Judicial review by Israel's Supreme Court over actions of Israeli authorities in the territories occupied by Israel in 1967 is an important element in Israel's legal and political control of these territories.
The Occupation of Justice by David Kretzmer and Yaël Ronen (Second Edition, Oxford Univerity Press, 2021) presents a comprehensive discussion of the Court's decisions in exercising this review. It includes updated material and analysis, as well as new chapters. Inter alia, it addresses the Court's approach to its jurisdiction to consider petitions from residents of the Occupied Territories; justiciability of sensitive political issues; application and interpretation of the international law of belligerent occupation in general, and the Fourth Geneva Convention in particular; the relevance of international human rights law and Israeli constitutional law; the rights of Gaza residents after the withdrawal of Israeli forces and settlements from the area; Israeli settlements and settlers; construction of the separation barrier in the West Bank; security measures, including internment, interrogation practices, and punitive house demolitions; and judicial review of hostilities.
In this book launch, the authors discussed Israel's Supreme Court's decisions on exercising review over the actions of Israeli authorities in the territories occupied by Israel.
In this online event, which also marked the book launch of - The Occupation of Justice: The Supreme Court of Israel and the Occupied Territories - the two authors (David Kretzmer and Yäel Ronen) discussed Israel's Supreme Court's decisions on exercising review over actions of Israeli authorities in the territories occupied by Israel.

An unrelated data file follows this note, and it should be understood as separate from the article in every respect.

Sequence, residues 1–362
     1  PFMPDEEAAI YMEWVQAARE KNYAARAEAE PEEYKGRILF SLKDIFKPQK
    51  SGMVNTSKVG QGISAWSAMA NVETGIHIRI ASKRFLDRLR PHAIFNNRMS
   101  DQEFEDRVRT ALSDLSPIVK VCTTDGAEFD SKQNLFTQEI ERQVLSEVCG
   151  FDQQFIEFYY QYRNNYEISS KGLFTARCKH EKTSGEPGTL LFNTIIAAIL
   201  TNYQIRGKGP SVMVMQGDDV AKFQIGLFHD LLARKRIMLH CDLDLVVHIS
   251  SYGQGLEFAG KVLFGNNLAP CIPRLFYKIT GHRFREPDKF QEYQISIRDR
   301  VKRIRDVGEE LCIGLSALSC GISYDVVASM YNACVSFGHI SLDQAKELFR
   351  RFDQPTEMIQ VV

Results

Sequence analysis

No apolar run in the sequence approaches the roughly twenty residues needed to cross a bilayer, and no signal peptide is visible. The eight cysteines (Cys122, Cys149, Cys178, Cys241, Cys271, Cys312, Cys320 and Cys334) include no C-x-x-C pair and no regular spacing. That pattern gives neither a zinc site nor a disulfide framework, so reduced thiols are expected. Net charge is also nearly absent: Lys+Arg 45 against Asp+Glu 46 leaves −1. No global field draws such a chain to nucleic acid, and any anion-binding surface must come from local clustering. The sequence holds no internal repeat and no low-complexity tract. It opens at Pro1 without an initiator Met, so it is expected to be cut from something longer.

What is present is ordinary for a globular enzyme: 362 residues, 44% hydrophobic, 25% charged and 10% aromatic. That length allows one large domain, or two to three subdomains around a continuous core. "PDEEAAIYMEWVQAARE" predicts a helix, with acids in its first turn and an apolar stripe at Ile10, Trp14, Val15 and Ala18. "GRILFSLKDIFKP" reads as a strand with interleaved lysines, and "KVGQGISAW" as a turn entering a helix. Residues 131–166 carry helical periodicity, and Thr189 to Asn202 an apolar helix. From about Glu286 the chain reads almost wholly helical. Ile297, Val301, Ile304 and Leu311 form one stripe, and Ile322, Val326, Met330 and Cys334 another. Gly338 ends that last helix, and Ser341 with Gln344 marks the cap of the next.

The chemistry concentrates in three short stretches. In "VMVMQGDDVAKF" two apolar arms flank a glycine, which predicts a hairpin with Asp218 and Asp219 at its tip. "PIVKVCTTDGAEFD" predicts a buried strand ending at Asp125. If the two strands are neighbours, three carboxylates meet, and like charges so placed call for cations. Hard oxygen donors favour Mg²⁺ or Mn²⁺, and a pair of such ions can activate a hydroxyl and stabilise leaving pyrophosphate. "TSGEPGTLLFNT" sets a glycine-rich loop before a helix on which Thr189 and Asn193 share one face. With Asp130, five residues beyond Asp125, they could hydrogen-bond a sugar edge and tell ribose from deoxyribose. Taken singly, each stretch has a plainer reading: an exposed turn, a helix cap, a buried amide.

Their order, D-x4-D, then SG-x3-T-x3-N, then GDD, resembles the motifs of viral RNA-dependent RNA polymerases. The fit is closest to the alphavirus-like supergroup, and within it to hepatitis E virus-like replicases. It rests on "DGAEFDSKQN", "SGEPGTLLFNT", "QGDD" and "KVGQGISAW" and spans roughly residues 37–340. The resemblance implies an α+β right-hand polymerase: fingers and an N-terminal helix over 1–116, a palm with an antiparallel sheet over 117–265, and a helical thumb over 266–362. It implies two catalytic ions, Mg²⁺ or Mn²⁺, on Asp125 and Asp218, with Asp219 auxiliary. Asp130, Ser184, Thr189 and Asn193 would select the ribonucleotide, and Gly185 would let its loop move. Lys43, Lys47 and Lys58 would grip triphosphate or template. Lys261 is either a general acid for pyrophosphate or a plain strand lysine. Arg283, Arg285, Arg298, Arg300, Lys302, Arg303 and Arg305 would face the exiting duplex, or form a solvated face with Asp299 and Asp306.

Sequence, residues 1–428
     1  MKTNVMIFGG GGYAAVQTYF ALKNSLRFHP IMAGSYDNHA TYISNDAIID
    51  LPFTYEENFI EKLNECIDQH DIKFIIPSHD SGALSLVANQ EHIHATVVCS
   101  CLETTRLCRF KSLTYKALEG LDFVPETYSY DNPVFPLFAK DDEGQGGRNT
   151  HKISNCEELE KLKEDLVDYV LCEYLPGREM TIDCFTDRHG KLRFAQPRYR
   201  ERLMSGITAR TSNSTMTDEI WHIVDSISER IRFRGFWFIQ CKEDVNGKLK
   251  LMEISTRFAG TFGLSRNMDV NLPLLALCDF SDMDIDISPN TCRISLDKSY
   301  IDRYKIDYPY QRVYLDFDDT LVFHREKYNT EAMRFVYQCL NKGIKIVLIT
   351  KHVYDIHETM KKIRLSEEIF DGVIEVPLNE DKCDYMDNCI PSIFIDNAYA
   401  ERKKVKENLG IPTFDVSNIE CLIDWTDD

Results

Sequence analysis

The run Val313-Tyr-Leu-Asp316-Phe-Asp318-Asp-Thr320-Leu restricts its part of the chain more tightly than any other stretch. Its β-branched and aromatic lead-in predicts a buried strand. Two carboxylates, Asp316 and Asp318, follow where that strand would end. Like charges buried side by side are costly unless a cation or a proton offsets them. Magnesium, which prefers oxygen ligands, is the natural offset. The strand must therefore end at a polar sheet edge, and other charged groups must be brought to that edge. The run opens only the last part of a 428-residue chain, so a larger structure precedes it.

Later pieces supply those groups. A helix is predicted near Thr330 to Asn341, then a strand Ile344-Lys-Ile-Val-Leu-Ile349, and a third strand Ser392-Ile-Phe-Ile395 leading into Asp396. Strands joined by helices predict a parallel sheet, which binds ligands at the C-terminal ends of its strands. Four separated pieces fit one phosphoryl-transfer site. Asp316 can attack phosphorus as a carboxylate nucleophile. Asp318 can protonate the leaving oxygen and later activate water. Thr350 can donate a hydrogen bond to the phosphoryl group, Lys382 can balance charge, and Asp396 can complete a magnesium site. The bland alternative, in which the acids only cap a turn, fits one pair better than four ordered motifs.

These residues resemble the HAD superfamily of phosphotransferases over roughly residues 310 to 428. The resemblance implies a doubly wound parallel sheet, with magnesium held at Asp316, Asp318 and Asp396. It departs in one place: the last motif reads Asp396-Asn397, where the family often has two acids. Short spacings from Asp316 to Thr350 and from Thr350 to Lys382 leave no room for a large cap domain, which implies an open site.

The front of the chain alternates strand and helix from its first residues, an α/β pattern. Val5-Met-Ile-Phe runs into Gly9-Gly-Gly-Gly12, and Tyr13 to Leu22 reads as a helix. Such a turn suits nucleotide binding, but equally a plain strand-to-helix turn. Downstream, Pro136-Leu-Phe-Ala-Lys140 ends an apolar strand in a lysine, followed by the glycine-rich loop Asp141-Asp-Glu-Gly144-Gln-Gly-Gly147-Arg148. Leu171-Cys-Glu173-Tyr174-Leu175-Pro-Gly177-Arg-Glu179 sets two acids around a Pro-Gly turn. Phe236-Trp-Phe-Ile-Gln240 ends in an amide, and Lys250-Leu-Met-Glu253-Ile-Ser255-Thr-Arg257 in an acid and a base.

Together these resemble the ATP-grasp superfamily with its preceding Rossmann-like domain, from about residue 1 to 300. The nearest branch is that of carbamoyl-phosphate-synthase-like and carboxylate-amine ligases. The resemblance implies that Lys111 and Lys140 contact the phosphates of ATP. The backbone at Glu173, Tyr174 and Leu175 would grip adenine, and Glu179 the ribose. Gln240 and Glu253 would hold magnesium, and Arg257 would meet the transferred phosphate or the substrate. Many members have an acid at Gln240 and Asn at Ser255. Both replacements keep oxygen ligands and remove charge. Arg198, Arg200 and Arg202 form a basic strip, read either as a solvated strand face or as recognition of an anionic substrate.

This IHL Talk addressed the many legal challenges stemming from the resurging violence in Israel and Palestine since May 2021.
In addition to the hostilities in and stemming from the Gaza Strip, panelists touched upon issues pertaining to the situation in the West Bank – including in neighbourhoods of East Jerusalem like Sheikh Jarrah and Silwan – such as annexation, forced displacement, and infringements on civil and political rights. The discussion also addressed considerations of criminal accountability, focusing on the crimes against humanity of apartheid and persecution.
During the latest UN Human Rights Council session, our Head of Research and Policy Studies Dr Erica Harper presented at a side event the situation in Afghanistan.
Our recent expert meeting, conducted in collaboration with the ICRC, addressed the growing involvement of civilians in cyber and digital operations during armed conflicts.
The author and leading experts in IHL and human rights will discuss humanitarian and legal issues pertaining to equality and non-discrimination in armed conflict, based on the findings presented in the book.
This event, co-organized with the ATLAS network, will feature women with diverse experiences and career paths in international law, specifically emphasizing their involvement in humanitarian negotiations.
This training course will examine how the UN Guiding Principles on Business and Human Rights have been utilized to advance the concept of business respect for human rights throughout the UN system, the impact of the Guiding Principles on other international organizations, as well as the impact of standards and guidance developed by these different bodies.
Participants in this training course, made of two modules, will examine the major international and regional instruments for the promotion of human rights and the environment, familiarizing themselves with the respective implementation and enforcement mechanisms.
As a yearly publication, it keeps decision-makers, practitioners and scholars up-to-date with the latest trends and challenges in IHL implementation in over 100 armed conflicts worldwide – both international and non-international.
This project aims at providing support to the UN Special Rapporteur on the Rights to Freedom of Peaceful Assembly and of Association Clément Voulé by addressing emerging issues affecting civic space and eveloping tools and materials allowing various stakeholders to promote and defend civic space.